Thousands of people are in Rome for the historic event- the beatification of Pope John Paul II, who is much loved in Chicago. Few were as close to John Paul II as Cardinal Dziwisz, who spoke to ABC 7 through a translator. Cardinal Dziwisz is the Archbishop of Krakow, Poland.
"For me he was and is a holy man," Cardinal Dziwisz said. Cardinal Dziwisz was there as the tomb of John Paul Ii was opened in the grotto beneath St. Peter's Basilica. He paused to kiss the lid of the coffin as workers prepared to move it to a more prominent location in the church for the beatification.
"When they gave a special honor to the body of John Paul II and I can say and I saw, workers, when they kneel down and venerate this casket, very touching to my heart," Cardinal Dziwisz said.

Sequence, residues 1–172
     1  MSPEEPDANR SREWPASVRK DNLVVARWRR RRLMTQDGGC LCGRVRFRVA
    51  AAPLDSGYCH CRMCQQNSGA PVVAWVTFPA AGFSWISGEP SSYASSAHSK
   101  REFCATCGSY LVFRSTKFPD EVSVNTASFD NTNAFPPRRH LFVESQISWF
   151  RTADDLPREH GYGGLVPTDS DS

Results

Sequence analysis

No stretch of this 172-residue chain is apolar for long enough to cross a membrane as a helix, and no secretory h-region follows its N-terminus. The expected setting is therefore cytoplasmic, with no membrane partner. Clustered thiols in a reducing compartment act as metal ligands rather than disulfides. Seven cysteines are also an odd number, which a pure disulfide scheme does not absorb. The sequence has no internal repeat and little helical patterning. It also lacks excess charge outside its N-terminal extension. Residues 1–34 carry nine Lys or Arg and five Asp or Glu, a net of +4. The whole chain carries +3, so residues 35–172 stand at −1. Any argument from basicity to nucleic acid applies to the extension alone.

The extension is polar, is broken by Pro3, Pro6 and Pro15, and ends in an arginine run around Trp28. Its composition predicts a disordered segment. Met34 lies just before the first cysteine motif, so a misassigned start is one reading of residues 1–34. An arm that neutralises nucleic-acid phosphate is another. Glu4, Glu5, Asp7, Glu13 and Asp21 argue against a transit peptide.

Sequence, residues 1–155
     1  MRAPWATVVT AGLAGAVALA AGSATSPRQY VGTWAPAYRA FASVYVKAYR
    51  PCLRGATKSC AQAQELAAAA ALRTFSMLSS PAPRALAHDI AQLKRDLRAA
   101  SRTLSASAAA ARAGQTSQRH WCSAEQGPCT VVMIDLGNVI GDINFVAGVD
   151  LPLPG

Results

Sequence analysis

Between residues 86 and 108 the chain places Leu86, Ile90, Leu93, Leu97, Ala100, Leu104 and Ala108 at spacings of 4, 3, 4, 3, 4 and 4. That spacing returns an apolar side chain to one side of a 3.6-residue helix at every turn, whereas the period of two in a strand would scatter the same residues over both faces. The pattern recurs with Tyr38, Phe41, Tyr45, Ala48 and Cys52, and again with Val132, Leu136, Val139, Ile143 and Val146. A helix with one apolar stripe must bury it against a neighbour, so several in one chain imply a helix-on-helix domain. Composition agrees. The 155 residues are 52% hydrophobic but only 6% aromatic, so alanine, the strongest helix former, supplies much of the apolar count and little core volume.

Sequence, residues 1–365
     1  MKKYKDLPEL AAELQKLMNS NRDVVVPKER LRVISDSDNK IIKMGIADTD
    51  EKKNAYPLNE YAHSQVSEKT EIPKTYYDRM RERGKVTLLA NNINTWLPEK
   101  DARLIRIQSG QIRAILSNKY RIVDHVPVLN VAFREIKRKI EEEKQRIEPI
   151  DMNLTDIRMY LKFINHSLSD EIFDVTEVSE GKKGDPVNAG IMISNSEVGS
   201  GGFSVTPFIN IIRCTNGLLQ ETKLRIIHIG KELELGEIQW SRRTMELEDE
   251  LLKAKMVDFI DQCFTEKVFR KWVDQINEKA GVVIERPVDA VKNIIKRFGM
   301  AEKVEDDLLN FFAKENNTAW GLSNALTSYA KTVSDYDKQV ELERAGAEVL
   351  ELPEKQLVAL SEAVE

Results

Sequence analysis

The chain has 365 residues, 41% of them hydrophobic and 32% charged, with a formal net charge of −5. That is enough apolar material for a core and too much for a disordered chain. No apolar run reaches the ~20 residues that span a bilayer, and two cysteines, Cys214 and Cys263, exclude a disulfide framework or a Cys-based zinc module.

Cardinal Dziwisz was a confidant for the pope, assisting in ministry and making sure all was in order. He has no doubts he worked for a saint.
"My understanding he was always saint. Very holy man and of course now I see him differently. See him as holy one who can ask God for many things," Cardinal Dziwisz said.
Cardinal Dziwisz has another unusual role in this sainthood process. He has maintained samples of the late pope's blood that were taken from the pontiff during his final days in the hospital and from the assassination attempt on John Paul II in 1981, which occurred in the same location where the pope will be beatified Sunday.
"John Paul II is not the same as Jesus, but during the assassination he gave his blood, for the whole world. That's why for me, God means love. It means John Paul II gave his blood for the world for peace," Cardinal Dziwisz said.
Those blood samples will be used as relics, as is the Catholic tradition, and presented during the beatification and then given a place of honor in churches in Rome and Poland.